WASHINGTON (CNN) -- Former President Carter warned members of Congress on Tuesday that America's failure to achieve energy independence is threatening the country's national security, undermining its long-term potential for economic growth and contributing to global warming.
"Collectively, nothing could be more important than this question of energy," Carter said during a rare presidential appearance before a congressional committee.
"I would guess that our entire status as a leading nation in the world will depend on the role that we play in energy and environment in the future."
Carter, who in 1977 famously declared the fight for energy independence to be "the moral equivalent of war," told members of the Senate Foreign Relations Committee that reaching that goal is crucial to ending the country's "vulnerability to possible pressures and blackmail."
Right now, he noted, "whether we admit it or not, we are very careful not to aggravate our major oil suppliers." Watch Carter talk about energy and security »
He also asserted that more jobs will be gained than lost by transitioning the country away from fossil fuels and toward cleaner, renewable energy sources.
Carter's testimony came as Congress continues its consideration of broad-reaching energy legislation with the potential to dramatically tighten emissions controls while reshaping America's environmental standards.
Among other things, the American Clean Energy and Security Act would create a controversial "cap-and-trade" system establishing steadily declining limits on greenhouse gas emissions over the next four decades.
Under the bill, polluters would be able to buy and sell emissions credits while utilities would be required to generate an increasing amount of power from renewable sources.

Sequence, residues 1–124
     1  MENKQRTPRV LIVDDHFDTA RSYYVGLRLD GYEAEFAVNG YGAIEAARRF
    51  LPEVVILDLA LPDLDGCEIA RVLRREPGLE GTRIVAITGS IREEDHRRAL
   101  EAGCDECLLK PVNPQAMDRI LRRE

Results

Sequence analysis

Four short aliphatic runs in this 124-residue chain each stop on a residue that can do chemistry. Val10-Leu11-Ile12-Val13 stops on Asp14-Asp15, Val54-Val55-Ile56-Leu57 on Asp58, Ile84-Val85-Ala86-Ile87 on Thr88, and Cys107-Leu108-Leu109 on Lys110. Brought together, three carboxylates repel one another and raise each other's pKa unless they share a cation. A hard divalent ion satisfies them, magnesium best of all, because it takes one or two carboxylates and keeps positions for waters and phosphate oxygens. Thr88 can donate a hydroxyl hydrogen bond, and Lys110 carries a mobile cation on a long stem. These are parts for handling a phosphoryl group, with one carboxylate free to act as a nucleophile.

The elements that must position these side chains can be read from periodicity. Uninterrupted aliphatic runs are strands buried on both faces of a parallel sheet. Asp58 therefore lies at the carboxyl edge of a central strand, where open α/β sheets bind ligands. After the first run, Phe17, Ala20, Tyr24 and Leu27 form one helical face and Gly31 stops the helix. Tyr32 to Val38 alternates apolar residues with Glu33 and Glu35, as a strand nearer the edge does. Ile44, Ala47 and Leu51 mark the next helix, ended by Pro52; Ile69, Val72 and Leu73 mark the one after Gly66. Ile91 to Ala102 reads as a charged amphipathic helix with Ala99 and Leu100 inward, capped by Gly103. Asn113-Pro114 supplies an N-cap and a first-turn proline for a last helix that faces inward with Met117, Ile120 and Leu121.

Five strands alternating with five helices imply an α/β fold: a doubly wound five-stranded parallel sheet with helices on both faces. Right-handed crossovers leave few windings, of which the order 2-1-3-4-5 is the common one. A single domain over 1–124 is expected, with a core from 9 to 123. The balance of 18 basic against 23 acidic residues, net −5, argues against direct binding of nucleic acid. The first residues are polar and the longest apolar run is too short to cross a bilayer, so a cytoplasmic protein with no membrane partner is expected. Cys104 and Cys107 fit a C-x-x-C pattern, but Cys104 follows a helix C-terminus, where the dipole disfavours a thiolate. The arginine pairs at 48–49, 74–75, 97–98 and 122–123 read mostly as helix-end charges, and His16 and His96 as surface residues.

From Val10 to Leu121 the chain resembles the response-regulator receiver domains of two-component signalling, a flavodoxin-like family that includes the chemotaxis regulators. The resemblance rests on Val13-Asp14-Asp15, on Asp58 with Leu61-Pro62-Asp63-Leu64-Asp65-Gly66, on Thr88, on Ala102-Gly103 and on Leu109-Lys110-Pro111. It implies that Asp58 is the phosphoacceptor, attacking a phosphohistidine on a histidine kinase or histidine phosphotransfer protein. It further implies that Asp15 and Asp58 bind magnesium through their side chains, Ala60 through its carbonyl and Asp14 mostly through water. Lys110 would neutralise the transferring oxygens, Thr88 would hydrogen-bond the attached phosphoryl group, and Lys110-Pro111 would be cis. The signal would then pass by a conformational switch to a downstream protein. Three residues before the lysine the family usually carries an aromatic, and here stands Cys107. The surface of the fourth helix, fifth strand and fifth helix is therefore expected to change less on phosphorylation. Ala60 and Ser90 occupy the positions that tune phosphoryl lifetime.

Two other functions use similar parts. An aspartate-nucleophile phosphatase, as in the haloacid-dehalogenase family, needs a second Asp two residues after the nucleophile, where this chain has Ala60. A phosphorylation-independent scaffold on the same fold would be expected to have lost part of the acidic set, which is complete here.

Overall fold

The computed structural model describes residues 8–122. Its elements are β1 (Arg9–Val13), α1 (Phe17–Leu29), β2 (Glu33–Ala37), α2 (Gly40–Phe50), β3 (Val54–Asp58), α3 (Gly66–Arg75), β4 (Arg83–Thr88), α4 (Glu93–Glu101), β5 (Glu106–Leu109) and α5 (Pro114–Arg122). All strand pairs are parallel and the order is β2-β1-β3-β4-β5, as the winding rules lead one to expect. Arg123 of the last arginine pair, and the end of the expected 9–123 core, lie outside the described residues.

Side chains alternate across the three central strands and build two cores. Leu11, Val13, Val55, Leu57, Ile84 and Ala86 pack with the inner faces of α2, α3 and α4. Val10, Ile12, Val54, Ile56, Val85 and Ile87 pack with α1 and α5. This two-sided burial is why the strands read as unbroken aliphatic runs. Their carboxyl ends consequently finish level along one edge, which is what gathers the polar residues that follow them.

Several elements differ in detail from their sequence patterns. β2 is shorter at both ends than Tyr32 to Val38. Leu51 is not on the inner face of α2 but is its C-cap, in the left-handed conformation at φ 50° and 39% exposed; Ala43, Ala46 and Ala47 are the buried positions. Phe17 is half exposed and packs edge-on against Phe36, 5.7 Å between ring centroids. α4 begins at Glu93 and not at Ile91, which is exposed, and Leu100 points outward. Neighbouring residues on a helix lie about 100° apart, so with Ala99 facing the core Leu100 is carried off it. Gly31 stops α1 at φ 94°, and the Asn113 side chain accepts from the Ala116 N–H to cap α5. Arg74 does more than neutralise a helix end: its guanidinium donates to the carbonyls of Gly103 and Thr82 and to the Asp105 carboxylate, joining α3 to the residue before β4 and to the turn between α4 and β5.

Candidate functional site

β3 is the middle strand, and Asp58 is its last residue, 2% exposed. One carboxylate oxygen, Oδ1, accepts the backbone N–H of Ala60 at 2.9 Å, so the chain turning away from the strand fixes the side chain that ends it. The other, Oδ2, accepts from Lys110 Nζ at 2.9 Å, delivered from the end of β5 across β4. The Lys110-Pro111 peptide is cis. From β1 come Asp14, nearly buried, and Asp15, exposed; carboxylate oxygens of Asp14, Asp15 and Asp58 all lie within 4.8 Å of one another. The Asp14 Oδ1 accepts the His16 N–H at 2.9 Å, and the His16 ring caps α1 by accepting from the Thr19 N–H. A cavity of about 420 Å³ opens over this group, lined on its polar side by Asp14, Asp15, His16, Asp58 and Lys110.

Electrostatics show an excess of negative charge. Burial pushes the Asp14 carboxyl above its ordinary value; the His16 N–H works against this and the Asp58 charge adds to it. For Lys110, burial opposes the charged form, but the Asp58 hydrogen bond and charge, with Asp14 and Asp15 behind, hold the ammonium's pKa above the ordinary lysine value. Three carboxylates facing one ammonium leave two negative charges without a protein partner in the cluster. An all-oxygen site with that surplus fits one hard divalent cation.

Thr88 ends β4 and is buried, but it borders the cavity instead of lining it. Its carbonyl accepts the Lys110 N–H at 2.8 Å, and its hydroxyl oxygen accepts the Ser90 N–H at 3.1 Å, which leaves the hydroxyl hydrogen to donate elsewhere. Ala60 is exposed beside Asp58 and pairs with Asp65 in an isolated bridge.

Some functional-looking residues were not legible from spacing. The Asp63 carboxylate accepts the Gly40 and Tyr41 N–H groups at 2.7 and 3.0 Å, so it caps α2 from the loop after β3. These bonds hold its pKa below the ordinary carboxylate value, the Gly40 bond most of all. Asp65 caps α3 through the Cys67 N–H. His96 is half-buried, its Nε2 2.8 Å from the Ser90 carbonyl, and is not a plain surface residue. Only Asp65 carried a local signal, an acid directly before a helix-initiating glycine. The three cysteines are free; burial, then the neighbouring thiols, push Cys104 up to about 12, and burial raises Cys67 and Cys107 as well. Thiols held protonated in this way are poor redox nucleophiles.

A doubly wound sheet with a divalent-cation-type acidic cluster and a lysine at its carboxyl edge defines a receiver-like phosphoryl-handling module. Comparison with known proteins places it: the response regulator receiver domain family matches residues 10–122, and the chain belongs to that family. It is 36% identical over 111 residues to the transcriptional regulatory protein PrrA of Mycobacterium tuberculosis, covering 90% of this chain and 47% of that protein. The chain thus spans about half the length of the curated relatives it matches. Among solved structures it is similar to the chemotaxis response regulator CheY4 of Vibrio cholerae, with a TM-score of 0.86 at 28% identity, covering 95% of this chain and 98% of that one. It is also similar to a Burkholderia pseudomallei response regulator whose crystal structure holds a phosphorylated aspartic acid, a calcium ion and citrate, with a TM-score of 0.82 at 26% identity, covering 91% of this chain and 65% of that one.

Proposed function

Congressional attention to the issue is being driven by President Obama, who, like Carter, has placed energy near the top of his domestic agenda.
Carter suggested that energy reform advocates craft an omnibus proposal that could be considered collectively by Congress in order to minimize "adverse influence of special interest groups" opposed to any major changes.
Powerful entrenched interests ultimately helped derail his administration's energy agenda, he said.
Carter noted that his administration nevertheless succeeded in reducing net oil imports by 50 percent, from 8.6 to 4.3 million barrels per day. But after "a long period of energy complacency," he said, daily imports to the United States are now almost 13 million barrels.
America consumes 2.5 times more oil than China and 7.5 times more than India, he noted. On a per capita basis, the United States consumes 12 times more oil than China and 28 times more than India.
"Although our rich nation can afford these daily purchases, there is little doubt that, in general terms, we are constrained not to alienate our major oil suppliers, which puts a restraint on our nation's foreign policy," Carter said.
The former president reminded committee members that, as part of his drive for renewable energy, he had ordered 32 solar panels to be placed on the roof of the White House in 1979. But the panels were removed "almost instantaneously after [Ronald Reagan] moved into the White House, with assurances to the American people that such drastic action would no longer be necessary."
Sen. John Kerry, D-Massachusetts, opened the hearing by noting that the price of a barrel of oil has fallen $90 below the record high hit in summer 2008. Unfortunately, Kerry added, the "political will to take decisive action has dissipated" as each past energy crisis has subsided.
Carter "had the courage to tell the truth to Americans [and] set America on the right path in the 1970s," Kerry said. "Regrettably, the ensuing years saw those efforts unfunded [and] stripped away."
Richard Nixon was the first president to set a goal of energy independence, Kerry noted. Nixon called for that goal to be reached by 1980.
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